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Bookmark and Share Paper 2432

WH-words That Go Bump in the Right
Natasha Abner
24-32 (complete paper or proceedings contents)

Abstract

This paper argues that the difference between right peripheral (WH-R) and in situ (WH-in situ) questions in American Sign Language (ASL) is an instantiation of the cross-linguistic dichotomy between clefted and non-clefted questions. Evidence collected from native signers is presented to show that WH-R questions are semantically distinct from their WH-in situ counterparts. WH-R questions (a) carry non-null presuppositions, (b) are exhaustive and (c) are contrastive. An analysis is presented in which WH-R questions are syntactically derived via focus movement of the WH-element and remnant topicalization of the remaining clausal constituent. This analysis provides a means of accounting for the cleft-like semantic properties of the WH-R question as well as its behavior in identificational contexts and multiple WH-questions.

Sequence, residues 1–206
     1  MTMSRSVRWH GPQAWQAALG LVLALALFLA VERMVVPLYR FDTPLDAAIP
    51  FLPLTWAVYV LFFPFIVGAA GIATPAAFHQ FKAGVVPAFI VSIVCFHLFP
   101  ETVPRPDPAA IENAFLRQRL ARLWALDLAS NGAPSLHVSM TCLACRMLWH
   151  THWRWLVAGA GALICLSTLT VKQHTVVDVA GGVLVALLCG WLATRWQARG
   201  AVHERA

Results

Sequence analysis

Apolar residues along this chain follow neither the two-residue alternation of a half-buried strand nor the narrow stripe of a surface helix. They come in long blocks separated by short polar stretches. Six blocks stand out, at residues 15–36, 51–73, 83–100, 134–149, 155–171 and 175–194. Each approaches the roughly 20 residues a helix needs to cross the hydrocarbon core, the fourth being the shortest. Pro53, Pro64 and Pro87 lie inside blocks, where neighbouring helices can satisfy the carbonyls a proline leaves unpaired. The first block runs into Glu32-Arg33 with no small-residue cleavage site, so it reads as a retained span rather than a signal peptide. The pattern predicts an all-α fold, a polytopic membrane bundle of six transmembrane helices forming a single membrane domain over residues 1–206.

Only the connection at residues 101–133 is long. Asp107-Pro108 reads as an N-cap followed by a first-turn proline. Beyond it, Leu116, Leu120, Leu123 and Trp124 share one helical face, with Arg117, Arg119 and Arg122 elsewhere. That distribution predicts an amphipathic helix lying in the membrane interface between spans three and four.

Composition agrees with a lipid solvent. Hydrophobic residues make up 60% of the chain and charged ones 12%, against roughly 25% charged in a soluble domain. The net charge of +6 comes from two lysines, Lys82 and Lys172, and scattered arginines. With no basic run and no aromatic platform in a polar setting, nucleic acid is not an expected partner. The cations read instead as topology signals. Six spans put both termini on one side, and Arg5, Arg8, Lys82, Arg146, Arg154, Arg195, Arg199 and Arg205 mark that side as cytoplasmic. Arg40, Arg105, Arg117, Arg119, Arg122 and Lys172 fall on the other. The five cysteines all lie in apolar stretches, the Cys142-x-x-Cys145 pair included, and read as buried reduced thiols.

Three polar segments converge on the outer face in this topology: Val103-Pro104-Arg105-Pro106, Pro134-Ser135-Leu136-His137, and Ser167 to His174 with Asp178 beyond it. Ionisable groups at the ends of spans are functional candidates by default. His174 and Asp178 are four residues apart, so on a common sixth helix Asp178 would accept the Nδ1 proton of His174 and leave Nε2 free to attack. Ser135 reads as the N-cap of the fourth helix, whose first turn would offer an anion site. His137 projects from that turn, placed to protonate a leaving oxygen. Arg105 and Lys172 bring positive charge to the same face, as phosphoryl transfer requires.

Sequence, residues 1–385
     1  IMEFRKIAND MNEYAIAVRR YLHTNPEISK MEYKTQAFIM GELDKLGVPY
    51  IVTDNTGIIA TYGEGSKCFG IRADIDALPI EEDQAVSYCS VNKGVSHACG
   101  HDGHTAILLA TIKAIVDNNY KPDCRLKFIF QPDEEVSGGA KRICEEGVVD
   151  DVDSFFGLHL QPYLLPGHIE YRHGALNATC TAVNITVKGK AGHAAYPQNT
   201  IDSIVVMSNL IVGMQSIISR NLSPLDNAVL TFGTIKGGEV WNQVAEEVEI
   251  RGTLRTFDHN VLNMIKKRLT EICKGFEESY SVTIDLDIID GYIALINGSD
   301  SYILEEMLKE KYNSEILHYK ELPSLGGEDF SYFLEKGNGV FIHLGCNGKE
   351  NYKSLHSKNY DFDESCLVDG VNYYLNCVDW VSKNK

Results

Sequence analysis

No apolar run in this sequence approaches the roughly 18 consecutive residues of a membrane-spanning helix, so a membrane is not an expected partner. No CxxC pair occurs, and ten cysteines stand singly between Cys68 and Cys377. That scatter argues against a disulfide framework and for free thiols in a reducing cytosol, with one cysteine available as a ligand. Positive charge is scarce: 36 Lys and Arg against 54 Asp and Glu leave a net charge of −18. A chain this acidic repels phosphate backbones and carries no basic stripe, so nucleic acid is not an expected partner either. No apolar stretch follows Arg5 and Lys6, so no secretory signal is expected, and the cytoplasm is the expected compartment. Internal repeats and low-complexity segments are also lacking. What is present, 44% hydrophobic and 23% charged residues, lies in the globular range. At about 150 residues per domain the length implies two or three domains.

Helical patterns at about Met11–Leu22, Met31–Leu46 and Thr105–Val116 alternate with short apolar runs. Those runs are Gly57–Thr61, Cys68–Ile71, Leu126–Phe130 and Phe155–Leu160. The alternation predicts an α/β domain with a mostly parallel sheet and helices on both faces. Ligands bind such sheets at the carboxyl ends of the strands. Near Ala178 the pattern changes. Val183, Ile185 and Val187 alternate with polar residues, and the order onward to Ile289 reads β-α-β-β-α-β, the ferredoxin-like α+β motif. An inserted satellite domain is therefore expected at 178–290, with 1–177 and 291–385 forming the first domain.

Published in

Proceedings of the 28th West Coast Conference on Formal Linguistics
edited by Mary Byram Washburn, Katherine McKinney-Bock, Erika Varis, Ann Sawyer, and Barbara Tomaszewicz
Table of contents
Printed edition: $375.00